Friday, we rested. The evening of rest kicked off with a nice sit in the creek with a bottle of white wine and some tomatoes and berries picked from around the yard.
Saturday, we worked. The morning kicked off with a visit to the farmer's market, as usual. We were back home, breakfasted, and hole-drillin' by 10:30ish.
The goal for the day was to drill the holes in the crawl and basement for the fifth and final under-house circuit, run the tubing, and get started on the bedroom joist project (we hoped to at least move the bedroom to the living room and tear down the plastic ceiling).
The drilling went smoothly even though there were some really tight spots under the bathroom, thanks to the elephant-resistant floor we had framed. We discovered some mold on a couple of the joists under there, and that's some cause for concern. We looked around and have figured out a few things that might be causing it (gaps for air/moisture to travel from the bathroom to the crawl, gaps in vapor barrier coverage, exposed edges between the foundation and house that need caulked) and we plan to clean it up and seal what's needed.
Holes drilled. Time to run tubing. We handled this task like a couple of old pros and smoothly coordinated movements from crawlspace to crawlspace to basement (over and over). The routing got tight in the back of the bathroom, but we knew it would. The coil gave us little trouble and we were done with this by lunch.
After a late lunch, we began to move the bedroom into the living room. Once the bedroom was emptied, we ripped down the plastic ceiling. The bedroom was the only remaining room in the joist job. With half a day or so left (and maybe about half our energy remaining), we decided to dive in and get joisting.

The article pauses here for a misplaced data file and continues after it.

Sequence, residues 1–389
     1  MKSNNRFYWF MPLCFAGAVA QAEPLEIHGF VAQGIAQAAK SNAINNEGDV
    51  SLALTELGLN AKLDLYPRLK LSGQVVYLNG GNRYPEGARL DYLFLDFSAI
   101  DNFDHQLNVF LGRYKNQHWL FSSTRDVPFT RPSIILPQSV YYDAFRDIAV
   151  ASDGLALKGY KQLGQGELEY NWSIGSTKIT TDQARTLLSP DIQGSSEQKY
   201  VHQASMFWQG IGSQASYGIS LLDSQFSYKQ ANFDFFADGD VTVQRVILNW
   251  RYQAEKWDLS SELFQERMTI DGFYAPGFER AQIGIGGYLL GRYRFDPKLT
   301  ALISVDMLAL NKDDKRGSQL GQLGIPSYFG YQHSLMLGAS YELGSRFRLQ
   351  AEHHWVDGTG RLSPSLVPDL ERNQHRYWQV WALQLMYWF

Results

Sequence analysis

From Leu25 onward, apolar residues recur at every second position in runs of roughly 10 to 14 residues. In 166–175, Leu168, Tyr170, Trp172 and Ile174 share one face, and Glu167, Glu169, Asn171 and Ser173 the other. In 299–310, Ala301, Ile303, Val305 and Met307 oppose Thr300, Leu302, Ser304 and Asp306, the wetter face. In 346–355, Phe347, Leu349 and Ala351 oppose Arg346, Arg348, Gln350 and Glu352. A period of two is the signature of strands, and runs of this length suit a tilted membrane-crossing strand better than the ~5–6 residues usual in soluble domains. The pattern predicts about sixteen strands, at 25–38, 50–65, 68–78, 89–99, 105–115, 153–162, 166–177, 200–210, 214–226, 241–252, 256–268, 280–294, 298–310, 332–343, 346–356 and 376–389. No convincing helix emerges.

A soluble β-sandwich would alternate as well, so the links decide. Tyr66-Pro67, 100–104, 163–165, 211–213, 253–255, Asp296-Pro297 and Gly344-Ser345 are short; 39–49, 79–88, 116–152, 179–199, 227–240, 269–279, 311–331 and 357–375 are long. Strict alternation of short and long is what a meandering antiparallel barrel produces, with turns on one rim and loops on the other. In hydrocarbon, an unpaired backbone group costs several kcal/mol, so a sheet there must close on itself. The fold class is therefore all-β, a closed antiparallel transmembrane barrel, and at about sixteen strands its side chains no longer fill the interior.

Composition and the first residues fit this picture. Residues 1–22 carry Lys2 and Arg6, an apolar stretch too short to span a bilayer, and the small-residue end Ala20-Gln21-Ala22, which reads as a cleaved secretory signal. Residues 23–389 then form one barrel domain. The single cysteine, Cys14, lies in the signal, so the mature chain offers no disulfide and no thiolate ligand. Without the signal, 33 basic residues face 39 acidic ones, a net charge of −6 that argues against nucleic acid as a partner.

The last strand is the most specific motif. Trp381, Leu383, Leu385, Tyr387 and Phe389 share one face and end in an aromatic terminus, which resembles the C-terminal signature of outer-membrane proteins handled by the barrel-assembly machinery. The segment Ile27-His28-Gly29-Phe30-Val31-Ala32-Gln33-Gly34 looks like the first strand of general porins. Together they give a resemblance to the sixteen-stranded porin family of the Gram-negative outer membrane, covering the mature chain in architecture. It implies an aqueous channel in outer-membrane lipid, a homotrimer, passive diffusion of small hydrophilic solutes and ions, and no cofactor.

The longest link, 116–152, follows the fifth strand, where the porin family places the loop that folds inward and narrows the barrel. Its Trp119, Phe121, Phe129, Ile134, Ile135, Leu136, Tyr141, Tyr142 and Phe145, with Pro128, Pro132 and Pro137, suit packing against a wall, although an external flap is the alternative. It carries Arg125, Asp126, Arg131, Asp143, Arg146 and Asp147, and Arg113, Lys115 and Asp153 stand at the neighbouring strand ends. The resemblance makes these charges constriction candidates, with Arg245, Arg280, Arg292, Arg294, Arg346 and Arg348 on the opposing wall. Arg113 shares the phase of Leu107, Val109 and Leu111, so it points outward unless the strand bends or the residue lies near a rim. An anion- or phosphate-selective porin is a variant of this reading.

As usual, joisting begins with cutting inch and a half slots in all the blocking and bracing around the room. I got on this with the sawzall. Erika measured, marked, and cut the first joist end so that it would slip under the eave in the front of the house, and then we carried the 12-footer inside. We were expecting to meet resistance with fitting this thing up in there, but with a couple of whacks with the mallet to get it upright, it fit right in. Glued and bolted. Next!
We got another joist in the same way, with little trouble. Smoothly, I'd even say. We also noticed that this job has already been done on one of the existing joists. So at this point, we were looking at two more joists left to completion. There was still some light. My strength was fading but I was pretty sure we could knock those two joists out before dinner and be... wait for it...a day ahead of where we thought we'd be!
It only took a little prodding, but Erika agreed to keep going. The final two joists would not have to rest on the beam at the front of the house because of the existing rafter/joist/cantilever configuration in those particular spots. Instead, they would rest on the beam inside the house, and stop just short of the beam outside - more like your traditional joist sistering.
We rocked those last two as if we'd done this, uh, 23 times before! Glued 'em, clamped 'em, drilled 'em, bolted 'em. Done!
Sore, beat up, cut up, and filthy, we enjoyed the last few minutes before total darkness with cold beers up on the hill in the lawn chairs. After cleaning up, around 9:30, we started in on cooking up a Saturday night feast.